The rising economies in Asia and South America have been hyped for many years in the US and European media. Now, finally, there is a renewed focus on transatlantic free trade because the United States and the European Union "remain the anchor of the global economy. Together, they produce more than 50 percent of the world's gross domestic product and account for almost 30 percent of global trade. Europe buys three times more U.S. products than China, and European investment in California alone is greater than all U.S. investment in China and Japan put together."
Stuart E. Eizenstat, a former deputy secretary of the Treasury, and Daniel S. Hamilton of Johns Hopkins University, describe how the new Trans-Atlantic Partnership could look like:
Eliminate tariffs on trade goods. At about 3 to 4 percent on average, U.S. and EU tariffs are relatively low, but the volume of trade is so huge that eliminating tariffs could increase annual GDP in the United States by almost 1.5 percent, in Europe by almost 0.5 percent, and increase the exports of each by 17 percent - about five times more than the recent U.S.-Korea free-trade agreement.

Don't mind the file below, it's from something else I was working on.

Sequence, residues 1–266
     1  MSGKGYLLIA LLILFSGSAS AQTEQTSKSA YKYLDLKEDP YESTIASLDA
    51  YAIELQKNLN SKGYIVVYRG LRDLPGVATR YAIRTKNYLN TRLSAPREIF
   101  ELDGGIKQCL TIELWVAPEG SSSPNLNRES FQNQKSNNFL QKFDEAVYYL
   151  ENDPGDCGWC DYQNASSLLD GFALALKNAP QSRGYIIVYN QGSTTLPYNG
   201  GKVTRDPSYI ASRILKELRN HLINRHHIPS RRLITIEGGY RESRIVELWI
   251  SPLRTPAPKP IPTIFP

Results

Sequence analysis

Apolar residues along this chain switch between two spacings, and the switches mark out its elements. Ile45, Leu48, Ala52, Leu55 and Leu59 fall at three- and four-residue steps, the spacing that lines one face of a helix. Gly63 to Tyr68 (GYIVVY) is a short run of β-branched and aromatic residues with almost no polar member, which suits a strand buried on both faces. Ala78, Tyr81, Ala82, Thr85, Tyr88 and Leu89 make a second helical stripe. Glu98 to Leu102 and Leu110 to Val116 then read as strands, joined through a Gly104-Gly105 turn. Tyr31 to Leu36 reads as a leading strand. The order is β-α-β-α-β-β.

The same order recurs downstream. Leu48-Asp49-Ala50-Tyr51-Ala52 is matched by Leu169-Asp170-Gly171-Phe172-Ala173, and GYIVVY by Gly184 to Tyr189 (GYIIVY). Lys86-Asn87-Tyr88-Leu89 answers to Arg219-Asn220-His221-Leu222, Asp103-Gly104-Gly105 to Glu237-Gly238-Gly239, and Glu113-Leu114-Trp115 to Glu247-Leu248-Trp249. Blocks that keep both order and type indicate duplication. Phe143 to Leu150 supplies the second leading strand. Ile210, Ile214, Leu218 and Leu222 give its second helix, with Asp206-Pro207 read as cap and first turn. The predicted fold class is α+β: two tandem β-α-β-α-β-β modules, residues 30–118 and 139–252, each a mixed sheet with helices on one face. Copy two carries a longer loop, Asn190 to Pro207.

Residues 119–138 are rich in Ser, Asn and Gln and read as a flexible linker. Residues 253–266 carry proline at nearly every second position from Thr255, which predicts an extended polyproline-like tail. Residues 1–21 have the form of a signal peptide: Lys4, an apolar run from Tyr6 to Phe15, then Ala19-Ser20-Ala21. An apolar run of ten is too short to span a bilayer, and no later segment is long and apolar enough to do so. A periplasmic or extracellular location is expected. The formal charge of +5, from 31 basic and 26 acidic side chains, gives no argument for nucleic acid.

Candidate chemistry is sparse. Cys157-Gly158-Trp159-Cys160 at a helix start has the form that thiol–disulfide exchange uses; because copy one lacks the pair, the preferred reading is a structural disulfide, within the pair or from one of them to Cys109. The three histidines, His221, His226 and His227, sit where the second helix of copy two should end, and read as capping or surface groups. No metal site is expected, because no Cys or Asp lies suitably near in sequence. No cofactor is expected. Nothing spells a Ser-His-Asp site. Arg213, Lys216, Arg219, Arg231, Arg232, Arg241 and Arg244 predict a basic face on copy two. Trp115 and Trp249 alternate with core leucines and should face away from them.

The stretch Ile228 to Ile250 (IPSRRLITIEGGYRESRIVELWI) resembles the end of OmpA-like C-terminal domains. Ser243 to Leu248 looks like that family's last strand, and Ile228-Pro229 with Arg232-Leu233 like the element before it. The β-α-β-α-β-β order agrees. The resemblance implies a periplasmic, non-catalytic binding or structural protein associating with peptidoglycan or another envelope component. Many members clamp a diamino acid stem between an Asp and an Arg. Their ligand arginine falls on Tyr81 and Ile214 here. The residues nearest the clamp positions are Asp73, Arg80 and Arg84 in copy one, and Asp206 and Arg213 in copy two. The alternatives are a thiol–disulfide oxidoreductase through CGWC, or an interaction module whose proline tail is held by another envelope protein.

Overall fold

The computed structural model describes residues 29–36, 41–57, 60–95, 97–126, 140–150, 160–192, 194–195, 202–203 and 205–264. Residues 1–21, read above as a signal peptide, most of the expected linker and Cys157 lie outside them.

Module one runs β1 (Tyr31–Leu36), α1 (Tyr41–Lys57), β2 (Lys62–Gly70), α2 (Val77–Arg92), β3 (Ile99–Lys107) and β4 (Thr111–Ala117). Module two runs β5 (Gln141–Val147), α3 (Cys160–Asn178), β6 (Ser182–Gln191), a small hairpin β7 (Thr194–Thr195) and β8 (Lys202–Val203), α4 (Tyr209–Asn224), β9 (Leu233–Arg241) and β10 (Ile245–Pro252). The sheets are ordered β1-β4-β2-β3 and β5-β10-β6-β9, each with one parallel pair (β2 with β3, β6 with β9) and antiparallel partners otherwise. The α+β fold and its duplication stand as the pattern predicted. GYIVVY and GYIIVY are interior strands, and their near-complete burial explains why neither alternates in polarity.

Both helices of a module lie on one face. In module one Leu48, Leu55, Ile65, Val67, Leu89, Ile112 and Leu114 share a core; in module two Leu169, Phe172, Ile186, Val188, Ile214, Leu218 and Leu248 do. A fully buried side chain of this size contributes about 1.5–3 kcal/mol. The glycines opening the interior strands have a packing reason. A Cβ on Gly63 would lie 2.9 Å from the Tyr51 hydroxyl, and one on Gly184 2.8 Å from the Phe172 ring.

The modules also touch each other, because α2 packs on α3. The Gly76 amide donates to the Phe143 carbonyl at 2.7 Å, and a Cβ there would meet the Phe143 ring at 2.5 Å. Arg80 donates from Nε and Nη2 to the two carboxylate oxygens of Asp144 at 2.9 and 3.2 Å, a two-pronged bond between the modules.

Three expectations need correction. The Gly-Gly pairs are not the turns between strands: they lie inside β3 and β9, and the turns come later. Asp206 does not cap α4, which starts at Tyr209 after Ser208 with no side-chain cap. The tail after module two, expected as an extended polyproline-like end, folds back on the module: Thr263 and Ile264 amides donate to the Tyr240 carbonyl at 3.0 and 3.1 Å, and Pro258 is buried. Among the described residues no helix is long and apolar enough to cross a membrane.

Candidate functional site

Liberalize trade in services such as telecommunications, utilities, insurance, advertising, computers and finance. Services account for some 70 percent of both the U.S. and EU economies. The United States and the European Union are each other's most important commercial partners and each other's major markets for services trade and investment. In 2010, EU companies sold $610 billion in services to the United States, and U.S. companies sold $820 billion to Europe. (...)
Align or mutually recognize regulations and standards. (...) If the United States and the European Union would recognize each other's crash tests and related standards, consumers could save up to 7 percent on each car or truck.
Read the full article in the San Francisco Chronicle.